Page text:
Google, Facebook face criminal court challenge in India


By Noel Young, Correspondent

March 12, 2012 | 3 min read

Google and Facebook start a legal process in a New Delhi court tomorrow over charges that they failed to censor objectionable content on their sites.

Facebook and Google: perils in India

The Wall Street Journal commented that the case "puts on stark display the legal risks for Internet companies chasing growth in India."

If convicted, executives from the two internet giants could face jail and the companies stiff fines, said Indian lawyers .

Both Google and Facebook see India as having enormous potential, with less one-tenth the population on line at the moment. Facebook said in its IPO filing that it had 46 million monthly active users in India in December, up 132% from a year earlier.

A Google executive has said the company expects India's Web user base , now 100 million, to reach 300 million by 2014, largely driven by mobile phones.

But there is high controversy in India over what role Internet companies should have in policing content on the Web.

India has not been as aggressive as China, Iran or Syria in website blocking, said the WSJ. But the Indian authorities have regulated content, including political satire and material that could offend religious groups.

Internet companies are supposed to remove, within 36 hours of being notified, material that is "ethnically objectionable," "grossly harmful," "defamatory" or "blasphemous."

Tomorrow's hearing, likely to be procedural, is over a criminal complaint from Indian journalist Vinay Rai. He alleges Facebook, Google's YouTube , the Orkut social network, and several smaller Indian sites hosted material that "seeks to create enmity, hatred and communal violence" and "will corrupt minds."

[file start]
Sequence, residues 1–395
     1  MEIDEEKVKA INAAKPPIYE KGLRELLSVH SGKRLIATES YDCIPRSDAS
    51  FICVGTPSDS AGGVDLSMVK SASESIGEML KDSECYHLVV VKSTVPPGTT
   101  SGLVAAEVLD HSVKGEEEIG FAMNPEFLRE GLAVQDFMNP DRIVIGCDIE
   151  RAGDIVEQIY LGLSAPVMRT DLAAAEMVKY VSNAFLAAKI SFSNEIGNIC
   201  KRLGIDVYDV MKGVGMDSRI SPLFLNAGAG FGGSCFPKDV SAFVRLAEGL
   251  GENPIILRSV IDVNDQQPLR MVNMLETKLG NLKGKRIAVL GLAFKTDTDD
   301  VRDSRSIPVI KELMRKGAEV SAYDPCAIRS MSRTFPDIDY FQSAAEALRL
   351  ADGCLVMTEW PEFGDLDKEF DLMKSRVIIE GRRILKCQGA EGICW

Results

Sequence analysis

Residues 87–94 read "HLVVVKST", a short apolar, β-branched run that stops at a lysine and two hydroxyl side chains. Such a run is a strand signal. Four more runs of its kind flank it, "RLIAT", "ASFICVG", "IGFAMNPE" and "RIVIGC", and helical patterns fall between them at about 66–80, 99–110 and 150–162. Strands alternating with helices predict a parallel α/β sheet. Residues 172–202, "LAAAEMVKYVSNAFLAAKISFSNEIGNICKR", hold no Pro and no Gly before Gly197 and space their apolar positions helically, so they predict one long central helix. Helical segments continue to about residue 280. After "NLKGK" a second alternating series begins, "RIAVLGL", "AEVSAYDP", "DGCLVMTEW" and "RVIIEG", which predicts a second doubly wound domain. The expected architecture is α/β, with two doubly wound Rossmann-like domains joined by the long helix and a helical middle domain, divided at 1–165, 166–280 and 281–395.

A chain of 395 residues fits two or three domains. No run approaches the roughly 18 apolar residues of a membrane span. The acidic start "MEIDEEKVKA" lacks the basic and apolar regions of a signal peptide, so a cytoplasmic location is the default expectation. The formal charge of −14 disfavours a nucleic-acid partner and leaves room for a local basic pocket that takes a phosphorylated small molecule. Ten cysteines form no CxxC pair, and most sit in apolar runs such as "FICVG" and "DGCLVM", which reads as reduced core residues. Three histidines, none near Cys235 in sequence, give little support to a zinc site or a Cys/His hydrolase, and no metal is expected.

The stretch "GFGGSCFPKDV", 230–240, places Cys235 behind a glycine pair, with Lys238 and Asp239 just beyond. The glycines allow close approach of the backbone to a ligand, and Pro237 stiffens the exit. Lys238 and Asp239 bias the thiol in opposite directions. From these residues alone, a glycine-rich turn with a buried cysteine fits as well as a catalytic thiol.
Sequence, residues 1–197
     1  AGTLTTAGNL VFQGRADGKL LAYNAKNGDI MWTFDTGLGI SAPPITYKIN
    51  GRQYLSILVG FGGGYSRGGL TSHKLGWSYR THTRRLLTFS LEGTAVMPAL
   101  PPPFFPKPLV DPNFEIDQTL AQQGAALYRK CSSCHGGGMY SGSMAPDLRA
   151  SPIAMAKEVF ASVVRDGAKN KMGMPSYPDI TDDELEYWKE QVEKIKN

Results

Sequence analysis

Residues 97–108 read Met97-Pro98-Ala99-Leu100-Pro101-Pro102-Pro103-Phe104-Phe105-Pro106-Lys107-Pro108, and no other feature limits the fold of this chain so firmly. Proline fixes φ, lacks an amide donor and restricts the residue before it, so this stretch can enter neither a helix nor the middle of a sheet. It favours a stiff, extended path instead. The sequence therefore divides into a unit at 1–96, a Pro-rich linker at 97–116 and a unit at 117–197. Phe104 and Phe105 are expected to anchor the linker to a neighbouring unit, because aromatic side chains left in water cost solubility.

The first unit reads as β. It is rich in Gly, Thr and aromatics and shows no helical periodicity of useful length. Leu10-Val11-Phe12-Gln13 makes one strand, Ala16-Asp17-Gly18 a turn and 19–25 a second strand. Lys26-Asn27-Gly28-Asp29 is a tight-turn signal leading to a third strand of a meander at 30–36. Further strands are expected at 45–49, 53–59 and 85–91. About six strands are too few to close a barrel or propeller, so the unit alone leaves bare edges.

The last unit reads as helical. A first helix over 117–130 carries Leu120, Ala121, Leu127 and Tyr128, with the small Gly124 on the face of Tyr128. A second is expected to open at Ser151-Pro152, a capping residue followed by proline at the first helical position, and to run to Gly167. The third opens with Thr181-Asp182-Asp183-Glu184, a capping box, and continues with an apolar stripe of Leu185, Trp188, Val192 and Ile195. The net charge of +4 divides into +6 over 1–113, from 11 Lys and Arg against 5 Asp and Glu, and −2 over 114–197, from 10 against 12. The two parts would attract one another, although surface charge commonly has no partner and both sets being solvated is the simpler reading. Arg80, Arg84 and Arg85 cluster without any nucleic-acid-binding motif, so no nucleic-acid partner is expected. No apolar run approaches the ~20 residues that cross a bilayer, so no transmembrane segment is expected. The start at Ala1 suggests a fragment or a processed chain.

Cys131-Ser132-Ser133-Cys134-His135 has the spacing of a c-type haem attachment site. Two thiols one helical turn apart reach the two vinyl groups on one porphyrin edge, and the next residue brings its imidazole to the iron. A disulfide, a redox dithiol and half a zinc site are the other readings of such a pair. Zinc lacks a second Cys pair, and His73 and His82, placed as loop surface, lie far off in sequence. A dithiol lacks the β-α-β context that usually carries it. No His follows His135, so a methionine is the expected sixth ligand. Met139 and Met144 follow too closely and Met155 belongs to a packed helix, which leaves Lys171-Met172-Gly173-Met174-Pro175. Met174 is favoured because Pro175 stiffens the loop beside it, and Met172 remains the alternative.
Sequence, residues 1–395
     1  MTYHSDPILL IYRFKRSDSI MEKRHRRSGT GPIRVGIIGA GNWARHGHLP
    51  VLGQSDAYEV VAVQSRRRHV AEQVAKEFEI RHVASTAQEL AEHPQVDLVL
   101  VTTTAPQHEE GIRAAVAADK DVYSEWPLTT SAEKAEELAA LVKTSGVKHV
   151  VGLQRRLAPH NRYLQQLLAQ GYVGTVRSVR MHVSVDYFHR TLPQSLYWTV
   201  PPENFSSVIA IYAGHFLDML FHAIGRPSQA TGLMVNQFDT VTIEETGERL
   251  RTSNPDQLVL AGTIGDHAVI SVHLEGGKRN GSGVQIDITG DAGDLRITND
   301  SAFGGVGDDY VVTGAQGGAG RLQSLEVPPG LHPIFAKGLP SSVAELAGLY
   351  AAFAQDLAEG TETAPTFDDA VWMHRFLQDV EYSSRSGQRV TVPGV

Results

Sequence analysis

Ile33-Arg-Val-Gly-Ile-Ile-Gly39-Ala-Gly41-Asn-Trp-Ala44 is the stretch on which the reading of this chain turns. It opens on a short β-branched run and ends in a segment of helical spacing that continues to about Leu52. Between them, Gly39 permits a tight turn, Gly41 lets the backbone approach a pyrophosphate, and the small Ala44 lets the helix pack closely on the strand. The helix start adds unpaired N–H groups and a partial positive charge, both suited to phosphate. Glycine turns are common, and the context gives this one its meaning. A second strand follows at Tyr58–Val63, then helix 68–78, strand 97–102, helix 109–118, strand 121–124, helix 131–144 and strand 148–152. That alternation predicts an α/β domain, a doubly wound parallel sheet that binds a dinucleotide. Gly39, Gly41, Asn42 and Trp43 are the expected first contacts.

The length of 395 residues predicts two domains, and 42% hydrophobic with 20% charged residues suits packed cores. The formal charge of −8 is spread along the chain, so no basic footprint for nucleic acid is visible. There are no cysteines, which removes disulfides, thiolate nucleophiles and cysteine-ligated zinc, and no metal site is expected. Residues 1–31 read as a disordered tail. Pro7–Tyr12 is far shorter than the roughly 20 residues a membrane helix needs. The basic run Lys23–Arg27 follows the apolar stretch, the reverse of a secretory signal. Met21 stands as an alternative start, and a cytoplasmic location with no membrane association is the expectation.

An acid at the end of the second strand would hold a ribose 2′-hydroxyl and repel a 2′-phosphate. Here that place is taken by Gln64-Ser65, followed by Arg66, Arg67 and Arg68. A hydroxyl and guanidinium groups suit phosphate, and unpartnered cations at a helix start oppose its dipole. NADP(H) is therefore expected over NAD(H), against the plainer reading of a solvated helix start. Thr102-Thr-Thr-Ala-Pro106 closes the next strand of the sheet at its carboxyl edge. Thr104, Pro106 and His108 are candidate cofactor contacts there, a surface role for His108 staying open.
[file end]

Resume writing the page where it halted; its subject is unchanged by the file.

The complaint cites obscene content said to depict Hindu, Muslim and Christian religious figures in a mocking or offensive manner.

Google and Facebook say India's information-technology law protects them from liability for content posted by users. But still the legal process starts in a New Delhi court tomorrow over charges that they failed to censor objectionable content on their sites.

However Sandeep Aggarwal, a former Silicon Valley research analyst who runs the Indian e-commerce site, told the WSJ, " India can't afford to send a message that unreasonable censorship of the Internet has started."

The Internet industry could generate 1.5 million jobs and $45 billion in wealth for investors in the next few years, "but not if companies are bogged down in litigation."

Google and Facebook have petitioned the Delhi High Court to quash the case but that hearing isn't until early May.

Between January and June of last year, Google received government requests to remove 358 items - and complied a little more than half the time.


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